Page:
This month we have coffees from the two arabica growing leaders of the world. Brazil is the largest producer of natural processed (and overall) coffee and Colombia as the largest producer of washed coffees. Combined, these two powerhouses account for over half of the world's supply of arabica. First from Brazil is a fun black honey red catuai from producer Silmara Emerick that challenges the 'typical' brazil origin character that most are familiar with. Our second offering is the return of a newer variety, papayo, from the famous Villa Betulia farm by producer Luis Anibal.
Sitio Imperio da Serra
Black Honey Red Catuai
From Silmara Emerick:
"My relationship with coffee started very early, as I am the daughter and granddaughter of coffee producers, thus being the fourth generation in coffee. It was in 2001 that I started to take care of my own coffee plantation, I inherited a little piece of coffee from my parents and soon after I got married I went to take care of that land. We only produced commodity coffees, but in 2019, with an uncle's encouragement, we decided to try to make special coffee, and it was from there that we discovered great potential in the coffees we had here on our farm. and that motivated us to want to continue producing specialty coffees. At the beginning, when we were starting in the specialty coffee business, many people thought that we couldn't get anywhere, and today I can say that I feel accomplished, because I know that I can produce coffees with great quality potential."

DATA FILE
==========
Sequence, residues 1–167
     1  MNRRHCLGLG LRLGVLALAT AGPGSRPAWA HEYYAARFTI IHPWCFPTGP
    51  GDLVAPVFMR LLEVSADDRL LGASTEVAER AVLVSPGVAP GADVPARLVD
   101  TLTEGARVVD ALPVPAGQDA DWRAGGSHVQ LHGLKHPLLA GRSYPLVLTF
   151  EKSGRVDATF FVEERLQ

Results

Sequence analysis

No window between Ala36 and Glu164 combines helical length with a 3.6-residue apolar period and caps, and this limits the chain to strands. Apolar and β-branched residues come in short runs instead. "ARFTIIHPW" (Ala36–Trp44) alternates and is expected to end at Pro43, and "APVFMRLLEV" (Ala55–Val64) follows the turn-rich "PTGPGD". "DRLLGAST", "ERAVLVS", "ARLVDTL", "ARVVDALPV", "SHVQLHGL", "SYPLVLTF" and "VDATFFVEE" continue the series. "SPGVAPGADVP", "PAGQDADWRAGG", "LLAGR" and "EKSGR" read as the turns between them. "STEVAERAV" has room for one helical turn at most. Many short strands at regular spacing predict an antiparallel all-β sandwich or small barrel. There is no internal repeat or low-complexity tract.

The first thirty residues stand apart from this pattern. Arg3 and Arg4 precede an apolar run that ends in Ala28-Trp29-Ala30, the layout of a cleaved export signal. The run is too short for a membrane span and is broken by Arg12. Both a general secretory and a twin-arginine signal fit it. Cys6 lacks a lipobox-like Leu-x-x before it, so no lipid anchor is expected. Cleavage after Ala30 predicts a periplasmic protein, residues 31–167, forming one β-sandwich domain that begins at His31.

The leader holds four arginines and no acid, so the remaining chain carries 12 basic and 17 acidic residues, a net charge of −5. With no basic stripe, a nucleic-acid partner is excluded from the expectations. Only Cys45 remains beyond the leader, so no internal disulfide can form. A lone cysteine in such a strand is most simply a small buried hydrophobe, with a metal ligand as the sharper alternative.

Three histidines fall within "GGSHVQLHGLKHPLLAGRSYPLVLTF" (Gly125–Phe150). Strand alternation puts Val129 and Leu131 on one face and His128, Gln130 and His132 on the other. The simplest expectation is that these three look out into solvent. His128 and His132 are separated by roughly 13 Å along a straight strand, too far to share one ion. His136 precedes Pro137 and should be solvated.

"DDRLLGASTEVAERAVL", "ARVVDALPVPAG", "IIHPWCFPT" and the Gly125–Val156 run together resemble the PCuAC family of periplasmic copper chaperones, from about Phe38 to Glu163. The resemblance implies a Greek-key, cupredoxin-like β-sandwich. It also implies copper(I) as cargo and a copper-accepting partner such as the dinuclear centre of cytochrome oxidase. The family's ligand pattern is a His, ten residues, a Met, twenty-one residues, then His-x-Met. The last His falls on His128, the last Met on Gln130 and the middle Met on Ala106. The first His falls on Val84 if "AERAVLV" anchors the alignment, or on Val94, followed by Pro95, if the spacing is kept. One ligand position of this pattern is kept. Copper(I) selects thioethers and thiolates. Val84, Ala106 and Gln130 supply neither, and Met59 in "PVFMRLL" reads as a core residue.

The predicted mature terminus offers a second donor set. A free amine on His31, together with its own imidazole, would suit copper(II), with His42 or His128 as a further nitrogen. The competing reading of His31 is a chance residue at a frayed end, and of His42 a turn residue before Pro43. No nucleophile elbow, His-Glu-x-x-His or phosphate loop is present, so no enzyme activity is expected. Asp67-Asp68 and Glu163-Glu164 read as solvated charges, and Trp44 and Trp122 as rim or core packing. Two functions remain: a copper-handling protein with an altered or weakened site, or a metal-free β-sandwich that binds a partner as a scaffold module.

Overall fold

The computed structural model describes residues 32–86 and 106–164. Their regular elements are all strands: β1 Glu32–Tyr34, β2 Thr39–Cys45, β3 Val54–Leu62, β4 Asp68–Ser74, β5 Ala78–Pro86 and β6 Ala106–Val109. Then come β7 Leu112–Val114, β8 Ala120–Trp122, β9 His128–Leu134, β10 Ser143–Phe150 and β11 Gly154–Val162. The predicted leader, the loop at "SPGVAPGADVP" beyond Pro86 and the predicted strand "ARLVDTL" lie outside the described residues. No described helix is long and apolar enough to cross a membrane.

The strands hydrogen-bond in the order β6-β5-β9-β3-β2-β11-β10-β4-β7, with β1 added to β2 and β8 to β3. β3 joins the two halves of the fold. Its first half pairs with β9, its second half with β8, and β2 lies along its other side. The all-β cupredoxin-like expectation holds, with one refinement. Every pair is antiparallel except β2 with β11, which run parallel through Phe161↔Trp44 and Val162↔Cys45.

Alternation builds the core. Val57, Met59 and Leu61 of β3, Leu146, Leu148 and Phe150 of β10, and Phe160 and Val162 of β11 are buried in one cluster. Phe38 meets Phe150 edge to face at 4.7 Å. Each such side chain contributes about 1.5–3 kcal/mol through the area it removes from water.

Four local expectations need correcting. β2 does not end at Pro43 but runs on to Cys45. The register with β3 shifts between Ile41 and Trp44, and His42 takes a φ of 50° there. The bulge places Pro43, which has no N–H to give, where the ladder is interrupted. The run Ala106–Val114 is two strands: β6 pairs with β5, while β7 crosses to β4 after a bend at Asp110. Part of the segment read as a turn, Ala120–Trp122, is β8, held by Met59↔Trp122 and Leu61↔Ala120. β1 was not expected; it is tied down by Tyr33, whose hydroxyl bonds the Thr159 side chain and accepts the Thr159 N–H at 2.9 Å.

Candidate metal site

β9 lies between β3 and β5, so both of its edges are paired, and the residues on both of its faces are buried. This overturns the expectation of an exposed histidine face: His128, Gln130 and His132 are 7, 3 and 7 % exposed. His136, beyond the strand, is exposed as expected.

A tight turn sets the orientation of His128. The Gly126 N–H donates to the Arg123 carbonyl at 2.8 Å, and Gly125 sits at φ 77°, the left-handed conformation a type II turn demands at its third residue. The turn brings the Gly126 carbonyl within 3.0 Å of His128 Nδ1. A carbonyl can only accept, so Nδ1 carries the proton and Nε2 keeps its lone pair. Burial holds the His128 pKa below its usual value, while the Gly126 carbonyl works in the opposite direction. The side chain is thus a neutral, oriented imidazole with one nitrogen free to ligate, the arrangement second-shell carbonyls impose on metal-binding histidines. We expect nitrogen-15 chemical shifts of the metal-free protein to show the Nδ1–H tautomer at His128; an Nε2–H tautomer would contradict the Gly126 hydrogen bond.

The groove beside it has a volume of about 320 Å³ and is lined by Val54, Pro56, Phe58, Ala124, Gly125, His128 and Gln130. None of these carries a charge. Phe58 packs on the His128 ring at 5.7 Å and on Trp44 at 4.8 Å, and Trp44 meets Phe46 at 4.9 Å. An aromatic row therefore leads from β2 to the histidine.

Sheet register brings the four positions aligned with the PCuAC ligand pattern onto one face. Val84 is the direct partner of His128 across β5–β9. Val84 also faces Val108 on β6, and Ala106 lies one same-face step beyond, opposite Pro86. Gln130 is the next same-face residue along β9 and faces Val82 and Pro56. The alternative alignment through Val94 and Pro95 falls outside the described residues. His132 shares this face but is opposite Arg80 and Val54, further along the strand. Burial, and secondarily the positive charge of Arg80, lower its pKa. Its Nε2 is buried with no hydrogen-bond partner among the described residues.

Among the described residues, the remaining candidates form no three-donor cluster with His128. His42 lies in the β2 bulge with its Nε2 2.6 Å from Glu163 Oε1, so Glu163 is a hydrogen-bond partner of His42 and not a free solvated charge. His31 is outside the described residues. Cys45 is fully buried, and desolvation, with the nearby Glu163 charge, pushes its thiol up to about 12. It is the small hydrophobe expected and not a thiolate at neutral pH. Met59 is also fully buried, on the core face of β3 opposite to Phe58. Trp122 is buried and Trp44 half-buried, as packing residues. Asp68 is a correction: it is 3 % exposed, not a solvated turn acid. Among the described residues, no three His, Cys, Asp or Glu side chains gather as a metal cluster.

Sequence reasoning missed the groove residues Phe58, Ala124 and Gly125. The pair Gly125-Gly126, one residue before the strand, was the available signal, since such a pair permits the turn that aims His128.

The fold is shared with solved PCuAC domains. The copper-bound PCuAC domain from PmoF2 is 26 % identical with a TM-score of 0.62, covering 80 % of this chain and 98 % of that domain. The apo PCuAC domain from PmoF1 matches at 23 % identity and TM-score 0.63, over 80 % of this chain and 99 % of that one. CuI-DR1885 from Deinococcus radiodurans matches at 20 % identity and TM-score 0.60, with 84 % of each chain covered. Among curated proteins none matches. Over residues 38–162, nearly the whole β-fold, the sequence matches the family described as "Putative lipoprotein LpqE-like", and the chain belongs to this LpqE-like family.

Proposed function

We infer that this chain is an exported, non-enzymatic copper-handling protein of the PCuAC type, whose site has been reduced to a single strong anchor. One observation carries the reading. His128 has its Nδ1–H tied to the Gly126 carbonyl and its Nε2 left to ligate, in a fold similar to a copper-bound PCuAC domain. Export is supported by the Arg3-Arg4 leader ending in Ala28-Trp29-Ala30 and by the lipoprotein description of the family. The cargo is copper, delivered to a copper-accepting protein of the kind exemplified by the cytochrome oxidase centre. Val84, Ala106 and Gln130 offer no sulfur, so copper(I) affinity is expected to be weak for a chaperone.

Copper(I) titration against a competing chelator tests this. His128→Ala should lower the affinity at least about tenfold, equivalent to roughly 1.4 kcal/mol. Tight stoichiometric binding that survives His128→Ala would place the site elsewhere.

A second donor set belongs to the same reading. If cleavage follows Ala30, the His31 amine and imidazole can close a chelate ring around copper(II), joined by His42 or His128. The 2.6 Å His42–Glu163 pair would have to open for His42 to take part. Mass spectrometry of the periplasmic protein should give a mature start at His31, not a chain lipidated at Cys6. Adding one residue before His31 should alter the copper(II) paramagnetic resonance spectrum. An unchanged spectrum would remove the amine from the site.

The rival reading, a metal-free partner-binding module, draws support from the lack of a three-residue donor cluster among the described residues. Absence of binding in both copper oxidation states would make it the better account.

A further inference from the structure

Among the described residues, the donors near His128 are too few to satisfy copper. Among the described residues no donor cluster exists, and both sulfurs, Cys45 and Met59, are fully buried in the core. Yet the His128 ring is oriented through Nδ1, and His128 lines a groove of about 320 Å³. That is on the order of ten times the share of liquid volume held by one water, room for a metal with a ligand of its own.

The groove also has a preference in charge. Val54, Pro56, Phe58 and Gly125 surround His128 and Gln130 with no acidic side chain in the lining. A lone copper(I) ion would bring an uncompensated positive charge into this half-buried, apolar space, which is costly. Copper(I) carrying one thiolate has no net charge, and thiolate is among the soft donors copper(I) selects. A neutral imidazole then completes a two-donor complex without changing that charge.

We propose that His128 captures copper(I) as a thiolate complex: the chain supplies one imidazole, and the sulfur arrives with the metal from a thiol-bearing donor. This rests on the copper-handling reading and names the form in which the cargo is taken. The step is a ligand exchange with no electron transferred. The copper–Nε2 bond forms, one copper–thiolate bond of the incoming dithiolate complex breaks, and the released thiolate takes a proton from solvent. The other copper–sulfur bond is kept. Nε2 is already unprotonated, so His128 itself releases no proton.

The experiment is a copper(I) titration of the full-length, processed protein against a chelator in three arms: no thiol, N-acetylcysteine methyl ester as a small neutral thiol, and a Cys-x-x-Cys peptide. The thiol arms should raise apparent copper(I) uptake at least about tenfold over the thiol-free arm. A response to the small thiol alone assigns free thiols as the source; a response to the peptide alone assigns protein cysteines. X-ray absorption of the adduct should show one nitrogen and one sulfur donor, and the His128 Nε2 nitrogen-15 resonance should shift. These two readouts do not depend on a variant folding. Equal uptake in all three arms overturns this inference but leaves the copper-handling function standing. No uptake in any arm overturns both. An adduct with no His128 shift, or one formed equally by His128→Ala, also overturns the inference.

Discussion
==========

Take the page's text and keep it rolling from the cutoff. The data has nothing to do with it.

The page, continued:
- Sourced with Mountain Coffee
Caparaó, Espírito Santo, Brazil
Citronella, Candied Cashew, Vanilla
Filter - We recommend Recipe B in our brew guide
From La Baia:
"The coffees produced and grown by Don Luis Anibal are heavily revered and recognized as some of the best coffees to come out of Colombia. The lineage of varieties grown at Villa Betulia is nothing short of outright impressive. Today, Villa Betulia is planted with a wide range of specialty but notably exotic varieties that include Papayo, Caturron, Chili Bourbon, Tabi, Java, Sidra, Striped Bourbon, Pink Bourbon, Geisha, Maragogype, Pacamara, Marageisha, and Wush Wush just to name a few."
"The Papayo variety in general is very rare. Rarely ever detected or produced outside of Huila, information about its origins is very limited. Papayo cherries are distinctive, with an elongated shape similar to that of a papaya fruit hence the name “Papayo”. This variety is also revered by local farmers for its natural resistance to the devastating effects of leaf rust and its potential for healthy production yields."
- Sourced with La Baia Coffee
Floral, Apricot, Plum
Filter - We recommend Recipe A in our brew guide